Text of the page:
Marine Link
Wednesday, July 18, 2018

APL Antes Up in DoD False Claims Case

Maritime Activity Reports, Inc.

October 30, 2015

APL Ltd. to Pay $9.8 Million to Resolve Alleged False Claims Under the Department of Defense Shipping Contract.

APL Limited has agreed to pay the government $9.8 million to resolve allegations that it violated the False Claims Act in connection with a contract to provide GPS tracking of shipping containers in Afghanistan, the Justice Department announced today.  APL, an ocean carrier based in Scottsdale, Arizona, is a wholly-owned American subsidiary of Singapore-based Neptune Orient Lines Limited. 

The Department of Defense contract required APL to affix a satellite tracking device to each shipping container transported from Karachi, Pakistan to U.S. military bases in Afghanistan when the Department of Defense (DOD) requested the tracking services.  The United States alleges that APL billed the DOD for tracking services despite knowing that the tracking devices completely or partially failed to transmit data, or were not affixed to shipping containers.  The government also claims that APL attached a single satellite tracking device to two shipping containers despite being required to affix one device to every container.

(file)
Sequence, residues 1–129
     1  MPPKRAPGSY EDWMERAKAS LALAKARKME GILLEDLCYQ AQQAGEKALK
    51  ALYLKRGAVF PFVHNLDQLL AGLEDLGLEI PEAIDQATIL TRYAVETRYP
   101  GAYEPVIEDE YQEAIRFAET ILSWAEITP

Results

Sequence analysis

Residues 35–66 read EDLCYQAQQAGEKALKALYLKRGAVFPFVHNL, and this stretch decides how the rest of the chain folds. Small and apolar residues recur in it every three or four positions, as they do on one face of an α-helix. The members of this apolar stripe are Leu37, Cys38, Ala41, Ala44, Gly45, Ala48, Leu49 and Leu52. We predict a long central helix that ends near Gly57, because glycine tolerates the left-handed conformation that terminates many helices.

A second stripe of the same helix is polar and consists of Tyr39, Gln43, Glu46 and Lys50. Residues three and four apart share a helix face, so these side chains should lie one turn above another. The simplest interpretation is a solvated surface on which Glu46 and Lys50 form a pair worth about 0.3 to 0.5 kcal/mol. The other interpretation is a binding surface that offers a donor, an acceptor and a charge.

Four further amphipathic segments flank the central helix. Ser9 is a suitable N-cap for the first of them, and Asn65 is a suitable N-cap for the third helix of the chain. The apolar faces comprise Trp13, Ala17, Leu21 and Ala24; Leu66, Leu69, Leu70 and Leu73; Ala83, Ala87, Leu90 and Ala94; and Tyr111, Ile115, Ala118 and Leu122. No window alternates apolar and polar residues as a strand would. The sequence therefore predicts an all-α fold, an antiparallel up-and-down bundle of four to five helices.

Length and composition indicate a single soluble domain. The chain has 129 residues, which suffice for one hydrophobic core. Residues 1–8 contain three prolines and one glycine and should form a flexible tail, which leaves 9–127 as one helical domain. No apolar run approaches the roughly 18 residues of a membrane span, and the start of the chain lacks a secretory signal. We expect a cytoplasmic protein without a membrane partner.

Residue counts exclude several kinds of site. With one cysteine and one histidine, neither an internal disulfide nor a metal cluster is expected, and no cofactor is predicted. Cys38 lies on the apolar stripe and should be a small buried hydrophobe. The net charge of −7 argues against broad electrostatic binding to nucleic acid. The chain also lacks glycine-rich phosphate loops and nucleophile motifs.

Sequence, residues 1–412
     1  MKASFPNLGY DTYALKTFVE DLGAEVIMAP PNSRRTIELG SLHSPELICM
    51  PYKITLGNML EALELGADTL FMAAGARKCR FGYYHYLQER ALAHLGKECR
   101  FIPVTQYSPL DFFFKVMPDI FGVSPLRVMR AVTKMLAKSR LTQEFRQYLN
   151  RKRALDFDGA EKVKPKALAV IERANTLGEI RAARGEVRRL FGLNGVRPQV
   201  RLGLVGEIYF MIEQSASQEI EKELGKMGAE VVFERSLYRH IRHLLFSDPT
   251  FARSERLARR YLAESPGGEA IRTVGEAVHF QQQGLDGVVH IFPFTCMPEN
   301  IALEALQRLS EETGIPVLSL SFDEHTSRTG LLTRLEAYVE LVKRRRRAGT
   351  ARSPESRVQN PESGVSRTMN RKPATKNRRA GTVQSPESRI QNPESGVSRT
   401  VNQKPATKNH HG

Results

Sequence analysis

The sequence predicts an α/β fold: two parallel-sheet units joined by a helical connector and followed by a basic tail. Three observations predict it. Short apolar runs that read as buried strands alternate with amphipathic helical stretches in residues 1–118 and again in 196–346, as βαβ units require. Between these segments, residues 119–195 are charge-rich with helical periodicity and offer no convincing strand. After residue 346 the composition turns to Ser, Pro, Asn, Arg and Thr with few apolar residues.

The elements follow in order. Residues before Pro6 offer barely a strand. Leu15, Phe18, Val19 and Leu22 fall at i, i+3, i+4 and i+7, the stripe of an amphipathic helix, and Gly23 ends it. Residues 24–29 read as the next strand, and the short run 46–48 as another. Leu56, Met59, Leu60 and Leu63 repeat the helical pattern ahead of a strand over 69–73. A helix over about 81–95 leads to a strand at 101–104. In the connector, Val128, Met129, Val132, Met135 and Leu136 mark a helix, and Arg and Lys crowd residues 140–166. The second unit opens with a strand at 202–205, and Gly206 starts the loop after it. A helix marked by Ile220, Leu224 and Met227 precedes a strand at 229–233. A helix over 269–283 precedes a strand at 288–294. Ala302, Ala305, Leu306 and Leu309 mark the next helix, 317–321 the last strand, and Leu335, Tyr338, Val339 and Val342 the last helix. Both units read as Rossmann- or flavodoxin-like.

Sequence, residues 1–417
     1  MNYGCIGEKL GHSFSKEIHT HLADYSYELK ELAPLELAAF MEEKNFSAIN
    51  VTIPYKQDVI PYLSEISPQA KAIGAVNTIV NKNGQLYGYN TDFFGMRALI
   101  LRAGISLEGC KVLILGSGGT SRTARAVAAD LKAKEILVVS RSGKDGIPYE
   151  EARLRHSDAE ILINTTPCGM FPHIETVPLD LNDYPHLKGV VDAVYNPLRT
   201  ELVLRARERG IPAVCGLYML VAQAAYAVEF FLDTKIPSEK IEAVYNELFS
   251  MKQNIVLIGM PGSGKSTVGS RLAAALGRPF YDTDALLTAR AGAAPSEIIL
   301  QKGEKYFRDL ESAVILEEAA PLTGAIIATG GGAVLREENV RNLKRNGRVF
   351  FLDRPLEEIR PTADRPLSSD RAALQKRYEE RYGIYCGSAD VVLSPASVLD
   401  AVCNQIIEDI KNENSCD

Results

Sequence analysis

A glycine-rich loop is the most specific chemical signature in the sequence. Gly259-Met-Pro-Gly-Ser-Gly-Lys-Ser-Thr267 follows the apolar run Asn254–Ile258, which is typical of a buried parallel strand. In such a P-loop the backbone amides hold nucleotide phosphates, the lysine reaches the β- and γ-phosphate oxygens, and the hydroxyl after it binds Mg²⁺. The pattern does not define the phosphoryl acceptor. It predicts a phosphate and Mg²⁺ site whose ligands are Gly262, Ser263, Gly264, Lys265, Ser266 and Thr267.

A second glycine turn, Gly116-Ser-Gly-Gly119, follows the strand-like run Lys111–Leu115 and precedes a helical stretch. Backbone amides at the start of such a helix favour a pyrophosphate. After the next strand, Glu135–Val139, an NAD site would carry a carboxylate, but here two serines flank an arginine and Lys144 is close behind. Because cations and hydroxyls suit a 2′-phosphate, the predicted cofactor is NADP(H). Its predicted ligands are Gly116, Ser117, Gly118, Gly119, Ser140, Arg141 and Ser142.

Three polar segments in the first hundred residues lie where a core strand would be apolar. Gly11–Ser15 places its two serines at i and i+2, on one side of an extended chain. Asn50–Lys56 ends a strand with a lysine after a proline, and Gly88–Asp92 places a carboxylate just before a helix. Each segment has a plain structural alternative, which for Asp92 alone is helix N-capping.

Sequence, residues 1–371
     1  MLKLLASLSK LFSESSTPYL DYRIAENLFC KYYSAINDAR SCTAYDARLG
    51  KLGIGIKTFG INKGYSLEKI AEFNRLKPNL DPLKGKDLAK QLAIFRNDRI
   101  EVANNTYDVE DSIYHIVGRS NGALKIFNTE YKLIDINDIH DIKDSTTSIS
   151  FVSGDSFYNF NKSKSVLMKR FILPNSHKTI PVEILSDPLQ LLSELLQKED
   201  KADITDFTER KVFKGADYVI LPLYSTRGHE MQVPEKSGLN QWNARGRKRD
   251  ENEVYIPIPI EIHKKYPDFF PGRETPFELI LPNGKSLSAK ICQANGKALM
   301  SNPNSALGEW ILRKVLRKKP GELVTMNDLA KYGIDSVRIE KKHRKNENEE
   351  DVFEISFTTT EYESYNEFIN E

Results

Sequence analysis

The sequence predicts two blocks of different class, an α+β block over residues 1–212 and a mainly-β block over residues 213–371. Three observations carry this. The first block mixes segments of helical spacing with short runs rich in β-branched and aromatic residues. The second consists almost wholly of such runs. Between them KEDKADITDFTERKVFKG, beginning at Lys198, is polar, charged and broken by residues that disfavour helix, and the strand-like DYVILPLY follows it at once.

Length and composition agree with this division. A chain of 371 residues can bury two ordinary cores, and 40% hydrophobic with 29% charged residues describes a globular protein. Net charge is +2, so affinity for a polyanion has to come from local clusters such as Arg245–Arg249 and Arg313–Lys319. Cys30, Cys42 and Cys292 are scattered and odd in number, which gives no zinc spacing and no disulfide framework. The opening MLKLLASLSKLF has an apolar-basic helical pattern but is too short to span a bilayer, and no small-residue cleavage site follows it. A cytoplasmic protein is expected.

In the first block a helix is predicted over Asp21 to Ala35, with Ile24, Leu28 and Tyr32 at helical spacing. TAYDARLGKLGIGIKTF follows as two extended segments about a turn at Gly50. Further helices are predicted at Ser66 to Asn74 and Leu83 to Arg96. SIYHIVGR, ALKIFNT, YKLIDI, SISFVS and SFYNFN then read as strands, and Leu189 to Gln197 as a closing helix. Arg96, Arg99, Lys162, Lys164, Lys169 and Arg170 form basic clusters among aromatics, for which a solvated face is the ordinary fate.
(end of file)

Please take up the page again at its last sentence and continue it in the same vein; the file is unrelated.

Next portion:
“Today’s settlement demonstrates our commitment to ensure that contractors doing business with the military perform their contracts honestly,” said Principal Assistant Attorney General Benjamin C. Mizer, head of the Justice Department’s Civil Division.  “We will continue to ensure that there are appropriate consequences for those who knowingly fail to live up to their bargain and misuse taxpayer funds.”

“The U.S. Attorney’s Office will continue to work with our partners to protect the public fisc from government contractors who fail to deliver what they promise,” said Acting U.S. Attorney Brian J. Stretch of the Northern District of California.

“Thanks to the collaborative efforts of many U.S. law enforcement professionals, APL is today being held accountable for their actions,” said Director Frank Robey of the U.S. Army Criminal Investigation Command’s Major Procurement Fraud Unit.  “I applaud all those responsible for their continued pursuit of those who attempt to take advantage of the U.S. military through false claims for services that were not provided.”

The settlement with APL was the result of a coordinated effort among the Civil Division’s Commercial Litigation Branch; the U.S. Attorney’s Office of the Northern District of California, Affirmative Civil Enforcement Unit; DOD’s Defense Criminal Investigative Service; the Army’s Criminal Investigation Command and DOD’s Defense Contract Audit Agency.

The claims resolved by today’s civil settlement are allegations only; there has been no determination of liability.
 

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